Copyright Office’s online registration hasn’t worked for almost a week — The Copyright Office was created as a department of the Library of Congress in 1897. This latest technical malfunction demonstrates why that arrangement doesn’t best serve the needs of the public.
You can’t make “Game of Thrones” on a YouTube budget: Why “it’s the best of times and the worst of times” for prestige TV — Scott Timberg interviews Rob Levine on the current television renaissance. “All of this sounds abstract, but the ability of networks to fund ambitious shows – most of them with very high production costs – has to do not just with a creative revolution, but an economic one. People pay for television in a way they rarely do for other forms of culture, and when they stop, so will the flow of great programming.”
Rain is sizzling bacon, cars are lions roaring: the art of sound in movies — A fantastic profile of Skip Lievsay, a master at the craft of sound design for films. “Lievsay is not a household name, but he is famous among people who are. His expertise, fittingly, is what can’t be seen – sound, yes, but also everything else that sound is to the human mind: the way we orient ourselves in relation to spaces, to time, to each other; the way we communicate when language fails; the way our ears know, precognitively, when the dark room has someone lurking in it or when a stranger will be kind. He orchestrates the levels of human perception that most people either fail to examine or lack the ability to notice at all. His job is to make you feel things without ever knowing he was there.”
‘Sample amnesty’ will let artists keep royalties if they declare material lifted from other musicians — “Rather than chase down and sue musicians who have taken its music without permission, EMI is offering an amnesty. From Tuesday, anyone who has sampled the catalogue without getting the sample cleared will be able to come forward, declare it, and agree a legitimate release for the recording. The ‘sample amnesty’, believed to be the first of its kind, will run for 6 months, has been approved by Sony/ATV Music Publishing, which owns EMI Music Publishing and is itself co-owned by the Michael Jackson Estate.”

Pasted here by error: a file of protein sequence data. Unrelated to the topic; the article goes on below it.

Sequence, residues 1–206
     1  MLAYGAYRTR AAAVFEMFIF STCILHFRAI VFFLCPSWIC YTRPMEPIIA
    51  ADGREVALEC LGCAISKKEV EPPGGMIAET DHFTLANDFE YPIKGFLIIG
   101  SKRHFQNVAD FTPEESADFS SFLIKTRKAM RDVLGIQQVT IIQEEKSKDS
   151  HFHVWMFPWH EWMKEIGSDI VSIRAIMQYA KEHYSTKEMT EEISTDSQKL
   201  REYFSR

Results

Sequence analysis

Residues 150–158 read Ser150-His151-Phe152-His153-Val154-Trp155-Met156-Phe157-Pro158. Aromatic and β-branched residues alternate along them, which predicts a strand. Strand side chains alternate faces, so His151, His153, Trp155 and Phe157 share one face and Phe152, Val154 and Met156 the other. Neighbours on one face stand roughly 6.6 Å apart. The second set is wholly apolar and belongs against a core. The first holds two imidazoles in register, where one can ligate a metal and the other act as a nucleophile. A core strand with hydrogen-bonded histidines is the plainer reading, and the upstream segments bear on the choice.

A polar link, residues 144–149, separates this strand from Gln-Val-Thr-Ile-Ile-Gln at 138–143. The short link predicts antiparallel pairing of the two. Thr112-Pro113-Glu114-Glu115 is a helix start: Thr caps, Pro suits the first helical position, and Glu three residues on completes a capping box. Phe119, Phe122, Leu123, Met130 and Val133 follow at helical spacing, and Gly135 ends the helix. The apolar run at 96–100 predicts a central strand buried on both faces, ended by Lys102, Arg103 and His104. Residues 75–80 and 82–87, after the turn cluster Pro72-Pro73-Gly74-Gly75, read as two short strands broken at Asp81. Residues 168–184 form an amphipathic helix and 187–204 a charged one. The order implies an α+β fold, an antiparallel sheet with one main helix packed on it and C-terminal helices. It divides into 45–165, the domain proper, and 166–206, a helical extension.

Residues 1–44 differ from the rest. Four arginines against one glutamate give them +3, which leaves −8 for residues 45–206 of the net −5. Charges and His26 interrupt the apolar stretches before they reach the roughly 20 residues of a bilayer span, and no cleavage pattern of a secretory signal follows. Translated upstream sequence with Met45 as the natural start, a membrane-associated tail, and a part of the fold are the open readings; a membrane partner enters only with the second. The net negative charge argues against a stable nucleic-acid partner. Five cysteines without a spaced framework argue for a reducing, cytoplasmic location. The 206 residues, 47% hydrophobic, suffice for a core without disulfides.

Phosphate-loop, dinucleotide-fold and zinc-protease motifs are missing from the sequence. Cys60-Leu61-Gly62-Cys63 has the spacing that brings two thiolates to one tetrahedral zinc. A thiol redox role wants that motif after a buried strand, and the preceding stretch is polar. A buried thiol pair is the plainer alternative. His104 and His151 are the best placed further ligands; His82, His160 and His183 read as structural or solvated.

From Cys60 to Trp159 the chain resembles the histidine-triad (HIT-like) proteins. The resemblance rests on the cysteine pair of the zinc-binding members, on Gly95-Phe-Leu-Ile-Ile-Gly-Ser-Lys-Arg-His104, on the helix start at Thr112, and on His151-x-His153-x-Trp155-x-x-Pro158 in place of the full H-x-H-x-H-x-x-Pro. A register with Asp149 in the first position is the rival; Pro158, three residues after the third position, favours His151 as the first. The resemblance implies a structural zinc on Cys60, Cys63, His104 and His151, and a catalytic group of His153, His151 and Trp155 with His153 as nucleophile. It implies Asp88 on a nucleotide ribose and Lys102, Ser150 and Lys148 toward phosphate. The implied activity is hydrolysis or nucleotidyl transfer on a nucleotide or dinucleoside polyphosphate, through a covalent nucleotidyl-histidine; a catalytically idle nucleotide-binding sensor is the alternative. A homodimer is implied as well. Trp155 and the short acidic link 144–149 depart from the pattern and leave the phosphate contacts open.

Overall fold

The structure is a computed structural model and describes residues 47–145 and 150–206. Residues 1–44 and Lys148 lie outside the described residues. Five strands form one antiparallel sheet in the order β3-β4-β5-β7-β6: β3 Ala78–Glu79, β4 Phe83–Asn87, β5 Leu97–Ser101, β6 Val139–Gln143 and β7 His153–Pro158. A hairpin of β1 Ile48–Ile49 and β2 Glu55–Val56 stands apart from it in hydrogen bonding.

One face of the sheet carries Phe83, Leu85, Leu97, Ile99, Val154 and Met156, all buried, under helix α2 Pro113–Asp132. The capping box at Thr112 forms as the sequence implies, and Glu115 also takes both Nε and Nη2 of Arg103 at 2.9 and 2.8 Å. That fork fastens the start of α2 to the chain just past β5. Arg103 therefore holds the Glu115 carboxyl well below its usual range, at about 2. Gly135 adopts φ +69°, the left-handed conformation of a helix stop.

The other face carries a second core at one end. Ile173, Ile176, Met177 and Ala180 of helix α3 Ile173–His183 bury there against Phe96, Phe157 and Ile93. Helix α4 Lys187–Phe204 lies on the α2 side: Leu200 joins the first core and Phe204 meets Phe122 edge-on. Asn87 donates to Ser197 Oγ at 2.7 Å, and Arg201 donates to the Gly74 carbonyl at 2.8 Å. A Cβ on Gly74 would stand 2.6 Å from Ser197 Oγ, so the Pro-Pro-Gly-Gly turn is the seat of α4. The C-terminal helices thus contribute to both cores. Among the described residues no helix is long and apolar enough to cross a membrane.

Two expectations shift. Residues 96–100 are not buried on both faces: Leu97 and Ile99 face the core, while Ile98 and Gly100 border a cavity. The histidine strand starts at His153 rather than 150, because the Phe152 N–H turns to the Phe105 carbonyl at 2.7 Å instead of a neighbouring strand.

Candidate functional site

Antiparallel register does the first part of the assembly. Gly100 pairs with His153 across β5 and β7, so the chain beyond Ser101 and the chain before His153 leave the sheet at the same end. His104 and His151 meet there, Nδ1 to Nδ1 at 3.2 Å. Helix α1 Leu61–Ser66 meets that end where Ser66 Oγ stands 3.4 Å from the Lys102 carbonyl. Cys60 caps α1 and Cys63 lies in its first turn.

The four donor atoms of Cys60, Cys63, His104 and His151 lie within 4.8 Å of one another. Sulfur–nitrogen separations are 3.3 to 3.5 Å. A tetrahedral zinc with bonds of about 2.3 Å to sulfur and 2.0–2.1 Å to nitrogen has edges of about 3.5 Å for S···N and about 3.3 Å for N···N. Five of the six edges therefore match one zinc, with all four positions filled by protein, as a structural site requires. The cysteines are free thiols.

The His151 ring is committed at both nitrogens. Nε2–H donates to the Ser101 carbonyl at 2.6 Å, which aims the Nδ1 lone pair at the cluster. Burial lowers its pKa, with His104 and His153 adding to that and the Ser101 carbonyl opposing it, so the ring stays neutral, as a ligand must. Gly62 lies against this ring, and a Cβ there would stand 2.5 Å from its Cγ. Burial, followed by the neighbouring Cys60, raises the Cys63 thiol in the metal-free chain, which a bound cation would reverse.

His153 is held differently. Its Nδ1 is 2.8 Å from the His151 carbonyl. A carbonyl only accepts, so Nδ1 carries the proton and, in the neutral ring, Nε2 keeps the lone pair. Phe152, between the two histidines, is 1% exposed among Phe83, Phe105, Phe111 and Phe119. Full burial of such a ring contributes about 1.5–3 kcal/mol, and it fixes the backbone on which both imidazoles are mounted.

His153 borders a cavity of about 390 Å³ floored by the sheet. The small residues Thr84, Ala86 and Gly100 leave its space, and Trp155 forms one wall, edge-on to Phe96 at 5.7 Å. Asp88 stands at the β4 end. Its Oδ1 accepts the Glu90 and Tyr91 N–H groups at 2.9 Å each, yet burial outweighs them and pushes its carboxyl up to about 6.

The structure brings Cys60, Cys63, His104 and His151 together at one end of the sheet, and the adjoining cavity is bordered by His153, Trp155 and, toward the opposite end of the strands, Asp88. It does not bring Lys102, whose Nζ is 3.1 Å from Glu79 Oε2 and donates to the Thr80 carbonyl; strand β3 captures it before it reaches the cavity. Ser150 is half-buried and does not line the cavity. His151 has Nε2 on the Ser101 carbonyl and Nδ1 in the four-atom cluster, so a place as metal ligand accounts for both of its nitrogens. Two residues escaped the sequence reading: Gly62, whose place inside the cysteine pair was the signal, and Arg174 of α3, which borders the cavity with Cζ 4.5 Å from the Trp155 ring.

The MovieTube Litigation Part I: Who Needs SOPA? — Devlin Hartline takes a look at Federal Rules of Civil Procedure 65(d)(2) and its application to third party service providers who aid and abet online piracy.
Many new top-level domains have become Internet’s “bad neighborhoods” — “There were many who warned that the Internet Corporation for Assigned Names and Numbers’ (ICANN) decision to allow a host of new commercial generic top-level Internet domains was going to create a huge opportunity for Internet scammers and hackers. The approval of top-level domains (TLDs) beyond those assigned to countries and generic ones such as .com, .org, and .net created an opportunity, some in the security industry warned, for criminals to set up “look-alike” domains in the new namespace that aped legitimate sites already registered in .com or elsewhere. Well, the warnings were spot-on.”